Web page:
In reference to the recent crisis, Pistor said, ‘On one hand, we have free capital flows and on the other, we are allocating the responsibility for the liquidity crisis, where the banks are being chartered – for example, subsidiaries. But these are often subsidiaries of parent banks and parent banks, push capital into the subsidiaries to expand credit in the markets that they are operating in. When these subsidiaries go belly up, the host countries have to deal with the liquidity crisis. These kind of structures reinforce the liabilities that rest in different countries of the world, that have to be brought into the political economy of our financial system’.

“We need to focus more on the politics of financial regulation”, Ailsa Roell, Professor of Corporate Finance, School of International and Public Affairs at Columbia University asserted as the mic is handed over to her. “I am going to focus more on domestic policy issues. The international issues concern me but not so much as sovereign issues”, she added.

“The determinants of public policy performance are legitimacy, efficacy and effectiveness. I’d like to focus on effectiveness as defined in that framework. In the context of US financial regulation, there are lots of problems and problems with regulatory capture have never been worse”, Roell pointed out.

Roell uses the example of the Securities and Exchange Commission to elaborate on her argument. ‘So why is the regulator so weak? One is the politics of it. Its budget is subject to congressional co-creation. The SEC should be funded in a different way not directly by Congressional appropriation but by a charge on the industry it regulates’, Roell argued.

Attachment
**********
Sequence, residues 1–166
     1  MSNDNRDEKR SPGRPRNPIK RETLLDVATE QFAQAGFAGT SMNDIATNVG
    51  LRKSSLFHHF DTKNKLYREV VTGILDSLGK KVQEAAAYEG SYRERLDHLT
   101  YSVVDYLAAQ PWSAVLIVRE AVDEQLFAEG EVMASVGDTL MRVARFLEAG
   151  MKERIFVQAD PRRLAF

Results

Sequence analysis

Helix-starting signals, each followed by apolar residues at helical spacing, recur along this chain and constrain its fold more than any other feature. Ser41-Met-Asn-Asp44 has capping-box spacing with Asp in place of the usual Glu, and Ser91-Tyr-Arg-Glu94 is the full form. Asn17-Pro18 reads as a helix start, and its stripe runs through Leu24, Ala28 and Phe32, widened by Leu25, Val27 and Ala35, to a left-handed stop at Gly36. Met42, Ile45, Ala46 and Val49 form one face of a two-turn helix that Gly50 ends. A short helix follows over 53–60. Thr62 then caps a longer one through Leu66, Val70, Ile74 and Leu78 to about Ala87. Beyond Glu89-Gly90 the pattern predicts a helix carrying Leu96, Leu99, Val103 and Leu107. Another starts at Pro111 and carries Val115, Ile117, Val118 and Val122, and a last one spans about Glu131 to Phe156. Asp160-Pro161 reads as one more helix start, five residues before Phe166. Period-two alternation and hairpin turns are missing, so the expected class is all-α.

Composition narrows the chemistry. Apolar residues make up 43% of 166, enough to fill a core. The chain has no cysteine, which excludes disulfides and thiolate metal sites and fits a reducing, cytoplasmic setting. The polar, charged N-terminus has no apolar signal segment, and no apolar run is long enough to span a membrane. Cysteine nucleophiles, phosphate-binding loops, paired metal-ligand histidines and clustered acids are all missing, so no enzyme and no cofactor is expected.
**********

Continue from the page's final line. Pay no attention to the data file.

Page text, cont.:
In reference to the Basel 3 regulations, Roell speaks of the sovereign crisis. ‘The issue of concern is the impact on bank lending. Not everybody agrees that it is a good idea to tighten these standards so much. The implementation has been delayed and weakened. It is going to shift lending to the shadow banking sector. Shadow banking will rise, which is to say that instead of banks giving loans, we will see hedge funds give funds to emerging markets, securitising them into CDO’s and possibly selling them on. This is an unintended side effect of Basel 3’, Roell explained.

Reaffirming the critical nature of governance innovation, Robert C. Lieberman, Interim Dean, School of International and Public Affairs, said, “Think about innovation as a form of institutional change. This is one of the key problems in thinking about governance in the global context. How do stable institutions, more or less, stable practices, or sets of practices or equilibria, produce enduring and significant policy change or governance change? This is what policy analysts have grappled with in the last generation or so. One to which we don’t have a clear set of answers”.

Lieberman points out that the broader problem is accounting for institutional change. He stresses that the challenge of globalisation means that there is no such thing as exogenous shock anymore. Everything that happens is now endogenous.

“One is the connection between ideas, ideas about change, new policies, new government procedures and structures. But, even the best ideas about how to change practices and how to change governance structures run into sets of practices that privilege or empower particular actors, who have a stake in the old way of doing things. So, any account of governmental innovation, that wants to be general, has to think about this problem. How to take entrenched ways of doing things, or fixed institutions and induce them to change?”, Lierberman asserted making an impelling argument for institutional change.

The report and the discussion leaves everyone with a purpose : to translate their knowledge and understanding of the world to potentially transform the sort of government reforms they would like to see.